The most effective kind of wooden to burn in your fire

When choosing the best wood to use on the fireplace, keep in mind that there are many types of wood. Each of these has its own characteristics, depending on whether it is hardwood or softwood, and the resin and moisture content. The best types of firewood are those that burn hot and slowly with a clean flame. These burn evenly and with more heat, without residues of woods with a high resin or sap content accumulating.

The best woods to burn in a fireplace are hardwoods like hickory and ash. Avoid coniferous woods like cedar or pine. If you are wondering, "Does cedar make good firewood?" Or "Is ash good firewood?" Or maybe "Is White Oak Good For Burning?" Then at we have this handy list of the best firewoods below to guide you!


Hardwoods (maple, ash, oak, birch, fruit trees, etc.) are the best types of wood for fireplace use due to their lower sap and pitch content. Wood may be great for construction, but according to experts who use it for other purposes like cooking, hardwoods burn hotter and longer, but are more likely to produce residue called "clinker" due to non-combustible minerals that combine with the ash "Are designated. Hardwoods are more expensive than conifers because they take longer to grow.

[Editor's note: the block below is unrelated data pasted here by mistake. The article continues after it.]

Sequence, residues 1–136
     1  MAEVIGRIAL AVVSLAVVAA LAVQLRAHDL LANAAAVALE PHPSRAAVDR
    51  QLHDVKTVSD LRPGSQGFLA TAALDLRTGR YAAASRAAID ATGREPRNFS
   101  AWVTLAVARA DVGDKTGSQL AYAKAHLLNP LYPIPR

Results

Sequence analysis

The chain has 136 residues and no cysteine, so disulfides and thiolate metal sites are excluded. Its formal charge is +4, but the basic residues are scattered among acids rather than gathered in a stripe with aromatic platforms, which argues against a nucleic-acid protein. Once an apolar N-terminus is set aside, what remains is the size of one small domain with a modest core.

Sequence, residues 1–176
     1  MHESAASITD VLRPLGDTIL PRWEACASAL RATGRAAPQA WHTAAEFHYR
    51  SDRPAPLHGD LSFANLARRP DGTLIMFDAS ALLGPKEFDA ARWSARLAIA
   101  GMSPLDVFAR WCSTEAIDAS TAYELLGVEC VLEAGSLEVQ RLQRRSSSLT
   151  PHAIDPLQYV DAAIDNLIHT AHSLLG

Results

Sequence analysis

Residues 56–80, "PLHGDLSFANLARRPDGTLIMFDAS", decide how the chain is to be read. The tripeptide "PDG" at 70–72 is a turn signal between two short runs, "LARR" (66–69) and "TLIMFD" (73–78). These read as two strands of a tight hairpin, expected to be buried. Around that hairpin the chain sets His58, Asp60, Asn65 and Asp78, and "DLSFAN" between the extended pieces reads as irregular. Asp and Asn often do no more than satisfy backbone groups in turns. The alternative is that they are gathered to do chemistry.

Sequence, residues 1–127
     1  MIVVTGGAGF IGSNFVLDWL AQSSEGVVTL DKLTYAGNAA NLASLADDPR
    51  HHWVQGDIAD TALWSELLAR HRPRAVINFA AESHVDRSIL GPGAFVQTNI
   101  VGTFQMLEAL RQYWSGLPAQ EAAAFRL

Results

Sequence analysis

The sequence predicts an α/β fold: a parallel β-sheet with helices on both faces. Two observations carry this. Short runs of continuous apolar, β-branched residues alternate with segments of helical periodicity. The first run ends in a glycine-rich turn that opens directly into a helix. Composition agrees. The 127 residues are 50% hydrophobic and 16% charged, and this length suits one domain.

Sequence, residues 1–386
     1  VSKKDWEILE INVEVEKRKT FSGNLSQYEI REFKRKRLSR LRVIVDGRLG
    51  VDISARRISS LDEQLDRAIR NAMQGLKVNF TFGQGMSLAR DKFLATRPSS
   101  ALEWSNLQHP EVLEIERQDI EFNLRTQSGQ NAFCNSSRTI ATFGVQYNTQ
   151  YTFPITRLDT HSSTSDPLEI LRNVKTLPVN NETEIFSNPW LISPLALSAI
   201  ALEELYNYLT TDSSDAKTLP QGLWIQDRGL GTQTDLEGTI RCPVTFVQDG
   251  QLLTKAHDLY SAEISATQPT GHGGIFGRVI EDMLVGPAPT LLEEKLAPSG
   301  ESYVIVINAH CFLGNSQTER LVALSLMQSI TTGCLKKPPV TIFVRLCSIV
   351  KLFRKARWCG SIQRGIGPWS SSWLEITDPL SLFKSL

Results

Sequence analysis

When using birch, pay attention to the phloem.

This is the thick, brown layer of inner bark that contains moisture that prevents the wood from becoming completely dry. While birch is great if you're looking to burn, it makes sense to use it with another type of hardwood to reduce smoke. Creosote can build up in chimneys due to heavy smoke, and this tar build-up increases the risk of chimney fires

Coniferous species

Although conifers are cheaper, they are not always the best wood for fires.

It is certainly not the best wood for an indoor fireplace or wood stove. As mentioned above, higher levels of juice, resin and moisture all contribute to the formation of creosote in the chimney or smoke outlet. According to Canadian garbage, trash, and trash professionals Bin There Dump That, you can easily tell if your logs made from the sticky resin are softwood, which makes handling a very messy task. Varieties include spruce, cedar, alder, pine, tamarack, and balsam, although fir is probably the best among these.

Thermal energy comparison

To help consumers find the best wood to burn heat, they can be categorized based on the amount of thermal energy they generate per "wood string" (a string is a compact, neatly stacked pile of wood 4 ft by 4 ft and 8 ft long).